This inspirational woman travels the world volunteering

This inspirational woman travels the world volunteering

25 February 2014


KRISTY has visited over 60 countries during her travels, but she does things differently to most other tourists. Find out why you want to be like her ...

THERE’S travelling and then there’s travelling. Thirty-two year old Kristy Moore does the latter.

She travels to volunteer and to get an idea about countries in which she could volunteer in the future. To date, she’s visited over 60 countries, volunteered in four continents, worked in seven countries and lived in four countries too.

And she’s not slowing down. Kristy is a passionate helper and traveller and combines her two loves to better other people’s lives and to better herself. And she gets to see the world while she does it! What could be cooler than that?

How long have you been volunteering?

The first volunteer experience I recall was fundraising for the Royal Children’s Hospital appeal when I was a young child. I’m 32 now and I’ve been spreading smiles as a volunteer with the Starlight Children’s Foundation of Australia since 2002.

Where are you living right now?

Melbourne is home right now, but I definitely feel like a citizen of the world (the stamps filling my multiple Australian passports can attest to that too). I appreciate life in Australia much more after each of my trips overseas.

When did you make an active decision to change your life?

My first international volunteer experience was a catalyst for positive change in my own life. At the time I worked as a senior manager in a successful (but stressful) corporate consulting career, and I wanted work that was more fulfilling. I walked away from the only career I’d known immediately after volunteering in Bolivia. Now I use my business skills for consulting in the social enterprise and non-profit sector. I’m especially excited and proud to make it easier for Australian families, business leaders and teams to volunteer overseas (with Hand Up Australia) — with peace of mind that their contribution will be positive and lasting.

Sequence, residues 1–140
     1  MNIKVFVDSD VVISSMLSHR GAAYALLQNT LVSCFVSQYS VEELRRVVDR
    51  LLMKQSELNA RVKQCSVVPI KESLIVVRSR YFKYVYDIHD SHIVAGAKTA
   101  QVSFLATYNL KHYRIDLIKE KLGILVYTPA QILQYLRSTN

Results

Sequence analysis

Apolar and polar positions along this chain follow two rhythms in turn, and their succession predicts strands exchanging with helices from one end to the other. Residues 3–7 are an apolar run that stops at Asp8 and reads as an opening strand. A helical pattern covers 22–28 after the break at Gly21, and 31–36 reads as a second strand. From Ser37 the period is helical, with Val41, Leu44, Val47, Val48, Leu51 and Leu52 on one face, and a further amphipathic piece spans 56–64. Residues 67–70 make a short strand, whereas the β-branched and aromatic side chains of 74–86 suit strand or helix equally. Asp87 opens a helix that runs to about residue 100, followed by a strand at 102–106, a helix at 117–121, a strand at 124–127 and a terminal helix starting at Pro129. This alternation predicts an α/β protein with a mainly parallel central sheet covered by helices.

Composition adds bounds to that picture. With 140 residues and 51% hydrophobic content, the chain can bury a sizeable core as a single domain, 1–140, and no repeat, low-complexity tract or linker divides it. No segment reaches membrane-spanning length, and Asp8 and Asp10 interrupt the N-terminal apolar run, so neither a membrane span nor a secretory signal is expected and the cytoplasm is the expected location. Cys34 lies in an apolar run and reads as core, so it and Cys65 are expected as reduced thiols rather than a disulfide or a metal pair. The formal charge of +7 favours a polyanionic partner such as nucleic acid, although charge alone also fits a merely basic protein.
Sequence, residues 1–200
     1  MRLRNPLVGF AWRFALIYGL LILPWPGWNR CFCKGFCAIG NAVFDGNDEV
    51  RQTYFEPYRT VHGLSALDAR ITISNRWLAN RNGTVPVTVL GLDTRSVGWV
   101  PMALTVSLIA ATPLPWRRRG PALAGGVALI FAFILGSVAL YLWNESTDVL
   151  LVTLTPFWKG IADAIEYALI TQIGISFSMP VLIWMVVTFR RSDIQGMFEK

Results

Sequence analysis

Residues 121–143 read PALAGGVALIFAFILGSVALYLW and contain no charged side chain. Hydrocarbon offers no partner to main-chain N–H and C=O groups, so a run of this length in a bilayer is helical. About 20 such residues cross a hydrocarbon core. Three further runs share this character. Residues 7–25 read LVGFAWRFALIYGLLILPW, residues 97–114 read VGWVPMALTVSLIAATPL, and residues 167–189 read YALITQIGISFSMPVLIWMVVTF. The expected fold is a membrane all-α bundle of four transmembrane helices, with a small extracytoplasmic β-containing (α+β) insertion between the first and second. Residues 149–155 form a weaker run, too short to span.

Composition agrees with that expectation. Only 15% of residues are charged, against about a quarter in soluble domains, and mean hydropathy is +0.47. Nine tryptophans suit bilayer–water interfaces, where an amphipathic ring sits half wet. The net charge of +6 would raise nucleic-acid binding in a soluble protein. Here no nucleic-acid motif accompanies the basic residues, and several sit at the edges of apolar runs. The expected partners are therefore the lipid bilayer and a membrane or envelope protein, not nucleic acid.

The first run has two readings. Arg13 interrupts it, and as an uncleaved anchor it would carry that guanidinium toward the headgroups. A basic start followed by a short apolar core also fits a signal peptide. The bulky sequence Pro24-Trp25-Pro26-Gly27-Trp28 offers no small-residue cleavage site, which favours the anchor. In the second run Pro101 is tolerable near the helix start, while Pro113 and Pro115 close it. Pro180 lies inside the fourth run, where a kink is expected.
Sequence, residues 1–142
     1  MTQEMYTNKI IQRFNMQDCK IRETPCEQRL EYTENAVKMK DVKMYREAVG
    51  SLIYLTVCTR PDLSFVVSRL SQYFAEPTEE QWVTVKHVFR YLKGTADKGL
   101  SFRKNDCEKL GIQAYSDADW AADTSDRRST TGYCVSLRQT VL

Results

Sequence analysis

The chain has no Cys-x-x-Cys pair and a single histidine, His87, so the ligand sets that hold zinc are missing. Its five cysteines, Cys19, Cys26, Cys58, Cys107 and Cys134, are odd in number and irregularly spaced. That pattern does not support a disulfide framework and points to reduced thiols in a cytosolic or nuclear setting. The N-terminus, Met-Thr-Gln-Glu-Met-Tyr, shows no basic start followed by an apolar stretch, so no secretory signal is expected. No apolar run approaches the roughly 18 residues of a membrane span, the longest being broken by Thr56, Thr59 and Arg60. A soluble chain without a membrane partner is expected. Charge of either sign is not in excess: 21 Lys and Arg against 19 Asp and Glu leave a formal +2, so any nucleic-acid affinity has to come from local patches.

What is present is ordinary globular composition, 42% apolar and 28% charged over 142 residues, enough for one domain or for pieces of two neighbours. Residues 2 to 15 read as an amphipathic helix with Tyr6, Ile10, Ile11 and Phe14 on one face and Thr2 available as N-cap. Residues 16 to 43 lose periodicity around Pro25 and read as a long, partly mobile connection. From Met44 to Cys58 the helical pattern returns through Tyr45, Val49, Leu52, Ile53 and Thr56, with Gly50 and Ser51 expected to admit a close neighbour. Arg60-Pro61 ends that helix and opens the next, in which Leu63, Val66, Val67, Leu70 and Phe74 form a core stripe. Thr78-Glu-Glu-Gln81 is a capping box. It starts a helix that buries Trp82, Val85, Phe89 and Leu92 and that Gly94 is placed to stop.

How did you choose where to volunteer and how did this grow?

My first hands-on international volunteer role was in Cochabamba, Bolivia. I had travel plans to trek in Peru with a friend and decided that no matter how hard it was to find a suitable volunteer role, this time I would make it happen. I chose Bolivia as it’s the poorest country in the region. I found a non-governmental organisation (NGO) that accepted international volunteers in a children’s hospital and thought my experience with the Starlight Children’s Foundation would help. Left entirely to my own devices (and limited local language), it was certainly an eye opening volunteer experience. Years later I still have lingering doubts about the viability of the NGO’s work and have since learnt that low cost and independent is often not the best.

The options to volunteer overseas are growing. I recommend that interested volunteers look for programs where:

• The needs of the communities (the real beneficiaries) come first;

• The solutions they’ll be helping with are addressing the root causes of problems like poverty, rather than patching up the symptoms;

• Local community members are engaged and leading projects — you can’t simply build a school and hope the students will come, nor do you want a community to become dependent on outside help;

• There are measures for the personal safety of volunteers;

• Support before, during and after they volunteer — this is very important. It’s common for volunteers to underestimate the impact of reverse culture shock. I was guilty of this when I volunteered independently in Bolivia and found it challenging to transition back into life at home.

What inspired the change? How did you do it?